Concerns over pervasive surveillance are often shrugged off with “ends justify the means” rationalizing. If it’s effective, it must be worth doing. But as more information on domestic surveillance programs surfaces, we’re finding out that not only are they intrusive, but they’re also mostly useless.

TrapWire — software produced by Stratfor and used by security and law enforcement agencies around the world — utilizes facial and pattern recognition technology to analyze CCTV footage for “pre-attack patterns,” meshing this information with other law enforcement databases, including online submissions from citizens reporting “suspicious behavior.”

The Texas Department of Public Safety utilizes TrapWire and has touted its success to multiple entities over the past several months.

According to an email from [Texas DPS spokesman Tom] Vinger to DMN columnist Dave Lieber, TrapWire in Texas “has resulted in, 21 patterns identified (12 with connections outside Texas); 44 arrests made; 36 investigations launched; 14 sent to a Joint Terrorism Task Force, ICE, other federal agencies.”

The 44 arrests claim is also part of an email to the agency’s lobbyists from Robert Bodisch, deputy director of Homeland Security & Services at DPS, which was reported by Lieber/DMN Watchdog in a May report.

But when faced with FOIA requests for data backing up this claim, the DPS was unable to find anything to corroborate its public assertions.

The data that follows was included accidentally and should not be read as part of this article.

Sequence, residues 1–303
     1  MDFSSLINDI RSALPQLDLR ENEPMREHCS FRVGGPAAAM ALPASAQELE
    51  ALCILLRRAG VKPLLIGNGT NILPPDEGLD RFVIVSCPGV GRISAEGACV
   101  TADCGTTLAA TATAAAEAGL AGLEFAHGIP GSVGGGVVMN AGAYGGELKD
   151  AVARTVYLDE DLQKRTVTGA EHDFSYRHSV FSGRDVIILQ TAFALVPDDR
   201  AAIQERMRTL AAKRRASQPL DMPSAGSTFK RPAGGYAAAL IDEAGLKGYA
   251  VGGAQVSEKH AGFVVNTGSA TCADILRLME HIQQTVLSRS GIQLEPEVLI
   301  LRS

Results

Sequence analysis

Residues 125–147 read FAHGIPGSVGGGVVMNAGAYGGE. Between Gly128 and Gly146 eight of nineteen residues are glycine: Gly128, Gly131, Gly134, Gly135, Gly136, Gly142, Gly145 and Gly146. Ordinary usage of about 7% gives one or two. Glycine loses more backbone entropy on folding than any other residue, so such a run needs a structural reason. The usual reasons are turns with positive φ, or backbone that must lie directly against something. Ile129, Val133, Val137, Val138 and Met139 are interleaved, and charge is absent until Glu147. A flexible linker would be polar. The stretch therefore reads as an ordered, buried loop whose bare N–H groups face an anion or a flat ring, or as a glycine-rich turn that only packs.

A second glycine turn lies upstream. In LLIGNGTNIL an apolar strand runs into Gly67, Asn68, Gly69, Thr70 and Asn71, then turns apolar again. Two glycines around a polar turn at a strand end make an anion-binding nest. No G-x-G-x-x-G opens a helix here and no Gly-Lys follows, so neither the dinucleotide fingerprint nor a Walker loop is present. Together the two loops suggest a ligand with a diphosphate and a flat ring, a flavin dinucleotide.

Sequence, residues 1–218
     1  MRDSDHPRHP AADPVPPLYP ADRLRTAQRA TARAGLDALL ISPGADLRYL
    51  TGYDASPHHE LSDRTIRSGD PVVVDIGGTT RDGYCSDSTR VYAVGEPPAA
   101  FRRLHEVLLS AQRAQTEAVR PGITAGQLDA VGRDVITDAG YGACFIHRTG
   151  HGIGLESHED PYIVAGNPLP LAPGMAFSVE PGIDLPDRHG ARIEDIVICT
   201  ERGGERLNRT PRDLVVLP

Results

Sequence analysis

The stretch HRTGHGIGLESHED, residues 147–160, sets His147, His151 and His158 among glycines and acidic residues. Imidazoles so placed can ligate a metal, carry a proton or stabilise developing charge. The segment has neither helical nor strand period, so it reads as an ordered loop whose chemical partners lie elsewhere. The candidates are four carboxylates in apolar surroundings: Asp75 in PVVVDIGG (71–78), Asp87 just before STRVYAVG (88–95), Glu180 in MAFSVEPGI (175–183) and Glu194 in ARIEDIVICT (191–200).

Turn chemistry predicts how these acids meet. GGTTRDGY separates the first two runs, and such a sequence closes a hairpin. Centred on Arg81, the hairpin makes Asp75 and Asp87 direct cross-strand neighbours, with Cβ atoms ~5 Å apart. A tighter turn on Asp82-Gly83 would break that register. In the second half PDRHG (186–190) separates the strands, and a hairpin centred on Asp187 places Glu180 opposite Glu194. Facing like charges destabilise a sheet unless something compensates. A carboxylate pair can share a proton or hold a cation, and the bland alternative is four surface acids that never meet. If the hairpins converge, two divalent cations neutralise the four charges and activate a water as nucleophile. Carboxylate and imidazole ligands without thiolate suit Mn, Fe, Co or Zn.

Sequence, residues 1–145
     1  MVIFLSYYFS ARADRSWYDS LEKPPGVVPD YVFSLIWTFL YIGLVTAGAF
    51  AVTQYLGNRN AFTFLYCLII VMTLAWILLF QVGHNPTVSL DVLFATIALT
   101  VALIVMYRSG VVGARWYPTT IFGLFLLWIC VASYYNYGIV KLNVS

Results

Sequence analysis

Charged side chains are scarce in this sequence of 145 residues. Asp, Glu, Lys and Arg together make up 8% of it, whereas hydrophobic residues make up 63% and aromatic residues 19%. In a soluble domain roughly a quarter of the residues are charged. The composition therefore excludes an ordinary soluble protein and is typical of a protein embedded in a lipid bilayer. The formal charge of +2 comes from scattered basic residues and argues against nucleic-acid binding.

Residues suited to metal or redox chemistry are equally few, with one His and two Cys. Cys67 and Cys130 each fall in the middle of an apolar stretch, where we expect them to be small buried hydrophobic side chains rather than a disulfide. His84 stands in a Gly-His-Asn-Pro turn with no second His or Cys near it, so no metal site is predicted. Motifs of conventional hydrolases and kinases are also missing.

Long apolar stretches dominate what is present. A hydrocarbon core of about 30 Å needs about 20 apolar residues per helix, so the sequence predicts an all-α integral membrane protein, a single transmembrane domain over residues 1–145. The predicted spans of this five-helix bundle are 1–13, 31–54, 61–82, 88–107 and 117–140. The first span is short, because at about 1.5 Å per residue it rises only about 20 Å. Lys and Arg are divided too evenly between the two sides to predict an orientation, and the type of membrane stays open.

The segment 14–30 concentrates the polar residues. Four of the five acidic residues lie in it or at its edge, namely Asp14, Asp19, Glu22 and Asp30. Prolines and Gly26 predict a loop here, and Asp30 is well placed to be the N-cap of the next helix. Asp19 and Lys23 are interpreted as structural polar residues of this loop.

The Texas Department of Public Safety has backed off its statement that the citizen monitoring program TrapWire has resulted in 44 arrests after a Texas Watchdog inquiry, the second time since May the department has publicly misrepresented the agency’s accomplishments.

Instead, the department could not directly link a single arrest by the DPS to the program.

Despite this being repeated to journalists and lobbyists, the DPS is now claiming its “44 arrests” claim was just an honest mistake.

“In attempting to answer a question in good faith, there was an internal miscommunication that led to misinterpretation of the arrest data set — and as a result, the arrest number was not properly qualified,” DPS spokesman Tom Vinger said in a Thursday email to Texas Watchdog. “We are unable to state that the arrest is directly linked to a specific suspicious activity report.”

Even in bogus public statements, a law enforcement agency wants the benefit of the “good faith” exception. It still wants people to believe TrapWire is a beneficial law enforcement tool, despite the lack of evidence. Vinger’s “clarification” isn’t the only non-apology the DPS has to offer for its misleading claims. It also has this bit of hedging, which only serves to portray TrapWire as being as integral to law enforcement investigations as, say, a local police blotter.

The Thursday statement admitted there were no arrest records, but rather the “arrest number illustrates that individuals who have been arrested due to a criminal act were also reported in the TrapWire program.”

So, expensive software and multiple databases managed to result in some arrests. Or, rather, attempted to garner post facto credit for criminals that had already been arrested. As a nexus for law enforcement leads, TrapWire — at least in the hands of the Texas DPS — appears to be no more useful than a phone book, another “database” where arrested individuals might be listed.


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